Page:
Medecision launched 10 new products over the past 18 months. That is two to three times more than the firm typically launches in such a period. The firm felt the consequences.

Their customers struggled to adopt to all these changes and started to value subsequent updates less and less. So, there was a diminishing return on the innovation efforts. In hindsight, it would have been better to spread these launches over a longer period.

Their marketing department struggled to keep up with the pace of the launches. They struggled to reach out to new clients. Instead of maximizing the impact and reach of each launch, they hurried from one launch to the next.

However, the solution is certainly not to bundle more value into a single launch. Bundling a lot of benefits into one new offering makes it difficult to prove the causal relationship between the use of the new service and its benefits. There are simply too many moving and interacting parts. Thus, bundling a lot of new features into one new offering is not the solution either. Clients will then also fail to grasp the benefits of each.

Most service companies err on the side of too few launches

The problem of Medecision may not be recognizable for many service organizations. Most service firms err on the side of not innovating enough and the pace of their innovation process is too slow.

In our experience, to launch one high-value new service offering each year, a firm needs about:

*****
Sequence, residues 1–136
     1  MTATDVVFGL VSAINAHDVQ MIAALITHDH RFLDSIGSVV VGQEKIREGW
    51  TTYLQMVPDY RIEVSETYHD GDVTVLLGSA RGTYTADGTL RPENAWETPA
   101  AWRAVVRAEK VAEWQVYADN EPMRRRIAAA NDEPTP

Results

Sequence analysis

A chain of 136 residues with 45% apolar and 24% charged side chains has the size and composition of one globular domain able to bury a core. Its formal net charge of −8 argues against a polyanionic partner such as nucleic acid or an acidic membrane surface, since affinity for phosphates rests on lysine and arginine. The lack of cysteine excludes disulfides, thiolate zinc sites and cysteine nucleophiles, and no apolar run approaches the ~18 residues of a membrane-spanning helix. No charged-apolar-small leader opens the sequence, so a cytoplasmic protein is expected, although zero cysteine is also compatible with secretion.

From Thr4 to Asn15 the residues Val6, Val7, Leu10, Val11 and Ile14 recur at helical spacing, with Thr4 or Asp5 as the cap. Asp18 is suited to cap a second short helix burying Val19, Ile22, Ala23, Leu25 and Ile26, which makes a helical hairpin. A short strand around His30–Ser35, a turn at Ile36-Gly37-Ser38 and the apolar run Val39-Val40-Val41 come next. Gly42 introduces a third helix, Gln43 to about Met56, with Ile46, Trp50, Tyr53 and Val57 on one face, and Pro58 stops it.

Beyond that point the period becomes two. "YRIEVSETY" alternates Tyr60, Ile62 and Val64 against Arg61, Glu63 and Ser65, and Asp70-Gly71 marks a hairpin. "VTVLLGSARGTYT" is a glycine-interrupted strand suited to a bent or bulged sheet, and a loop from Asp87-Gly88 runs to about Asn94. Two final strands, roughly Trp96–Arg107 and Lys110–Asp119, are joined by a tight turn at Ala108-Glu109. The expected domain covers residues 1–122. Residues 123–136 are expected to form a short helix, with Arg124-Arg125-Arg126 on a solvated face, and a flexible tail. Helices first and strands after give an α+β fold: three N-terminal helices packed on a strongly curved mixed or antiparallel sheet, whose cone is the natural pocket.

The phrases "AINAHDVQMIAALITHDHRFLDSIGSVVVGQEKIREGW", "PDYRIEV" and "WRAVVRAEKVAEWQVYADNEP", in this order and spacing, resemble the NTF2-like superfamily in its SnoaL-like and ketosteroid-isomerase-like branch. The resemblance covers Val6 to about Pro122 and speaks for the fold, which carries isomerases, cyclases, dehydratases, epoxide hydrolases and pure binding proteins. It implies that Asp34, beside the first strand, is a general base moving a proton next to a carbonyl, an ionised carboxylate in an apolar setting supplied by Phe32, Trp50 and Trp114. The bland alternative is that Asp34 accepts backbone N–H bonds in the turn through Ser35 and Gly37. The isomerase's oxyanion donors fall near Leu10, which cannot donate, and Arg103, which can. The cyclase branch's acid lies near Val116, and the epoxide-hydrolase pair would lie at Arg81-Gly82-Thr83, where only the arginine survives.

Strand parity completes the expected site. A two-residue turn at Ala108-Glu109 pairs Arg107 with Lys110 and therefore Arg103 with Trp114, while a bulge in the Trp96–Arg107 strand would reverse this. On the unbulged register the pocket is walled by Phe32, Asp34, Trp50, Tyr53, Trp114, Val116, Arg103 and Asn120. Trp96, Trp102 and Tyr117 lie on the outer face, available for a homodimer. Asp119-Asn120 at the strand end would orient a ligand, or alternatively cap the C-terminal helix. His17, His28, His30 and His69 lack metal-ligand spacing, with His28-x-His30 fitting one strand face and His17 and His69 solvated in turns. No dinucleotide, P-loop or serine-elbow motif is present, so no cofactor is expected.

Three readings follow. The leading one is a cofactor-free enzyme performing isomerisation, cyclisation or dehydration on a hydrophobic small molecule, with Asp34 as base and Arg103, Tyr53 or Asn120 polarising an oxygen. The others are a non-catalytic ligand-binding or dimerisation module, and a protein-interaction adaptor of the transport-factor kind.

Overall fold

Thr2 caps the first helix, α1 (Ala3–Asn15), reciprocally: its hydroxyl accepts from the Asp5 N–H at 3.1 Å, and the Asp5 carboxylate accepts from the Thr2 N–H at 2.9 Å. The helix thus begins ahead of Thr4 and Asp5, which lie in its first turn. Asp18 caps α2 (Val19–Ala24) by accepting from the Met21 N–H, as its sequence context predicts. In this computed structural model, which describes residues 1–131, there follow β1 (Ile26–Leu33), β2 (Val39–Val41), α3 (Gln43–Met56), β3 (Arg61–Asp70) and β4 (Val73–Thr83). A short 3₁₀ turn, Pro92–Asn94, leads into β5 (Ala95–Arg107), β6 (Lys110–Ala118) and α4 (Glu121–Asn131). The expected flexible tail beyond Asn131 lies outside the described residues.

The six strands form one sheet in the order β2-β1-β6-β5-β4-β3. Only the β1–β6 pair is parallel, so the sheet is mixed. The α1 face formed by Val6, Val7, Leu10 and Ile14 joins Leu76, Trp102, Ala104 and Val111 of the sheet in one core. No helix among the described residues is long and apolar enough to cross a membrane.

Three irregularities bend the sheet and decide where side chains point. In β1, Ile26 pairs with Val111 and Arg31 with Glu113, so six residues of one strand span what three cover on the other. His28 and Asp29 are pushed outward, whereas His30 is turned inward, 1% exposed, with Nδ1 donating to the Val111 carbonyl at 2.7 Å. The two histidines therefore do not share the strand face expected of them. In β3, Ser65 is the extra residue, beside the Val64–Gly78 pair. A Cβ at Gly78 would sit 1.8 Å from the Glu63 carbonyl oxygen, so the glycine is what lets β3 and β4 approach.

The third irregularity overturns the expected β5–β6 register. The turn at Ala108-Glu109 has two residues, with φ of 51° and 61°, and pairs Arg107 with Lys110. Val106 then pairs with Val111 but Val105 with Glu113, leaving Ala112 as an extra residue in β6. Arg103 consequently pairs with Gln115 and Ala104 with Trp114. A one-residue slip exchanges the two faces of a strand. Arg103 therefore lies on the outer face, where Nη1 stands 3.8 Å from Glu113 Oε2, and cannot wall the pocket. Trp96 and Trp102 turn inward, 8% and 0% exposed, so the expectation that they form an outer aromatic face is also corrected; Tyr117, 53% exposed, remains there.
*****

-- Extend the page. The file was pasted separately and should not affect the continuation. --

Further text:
• 10 ambitious plans that get vented and vetted
  • 5 in depth explorations that investigate whether the opportunity is worth the trouble
  • 2-3 investments in projects that concern the further development of promising concepts
  • 1 to 2 implementations of these new service offerings in practice, to test if it works

-> Resulting in 1 offering that makes a difference and impacts your clients’ and your organization’s bottom-line about 8 to 18 months later.

Lack of initiatives is not the issue

The problem is rarely that there are insufficient ideas. Most service organizations have too many ambitious plans, yet that result in too few offerings that make a difference. It takes time, energy, and resources to transform a plan into a new offering.

In these organizations the innovation pipelines are stuck and not enough results come out of the pipeline. Let alone that these launches occur at the right pace, a regular rhythm, and within the right scope.

One challenge is to explore opportunities in a time efficient and cost effective manner. Another challenge is to get these novel solutions tested and implemented in practice.

It pays off to manage your innovation pipeline

To introduce novel high-value solutions at the right pace, a regular rhythm, and of the right scope, you will have to unstuck and manage your innovation process, pipeline, and portfolio.

The research above shows that those efforts will pays off. With regular new offerings – say once a year or every other year – your clients will notice that you are always delivering state-of-the-art services. That will give your clients a reason to stay!

The same holds for your employees. The various departments involved with testing and delivering new service offerings will know what is expected of them – develop, implement, and deliver one new high value service offering each year. With the appropriate support, advancing like that is exciting!

Now, go out there and launch your new services at the right pace, rhythm, and scope!




P.S. In case you are not sure where or how to manage your innovation process, pipeline, and portfolio look at our programs.We gladly assist you in improving your innovation output.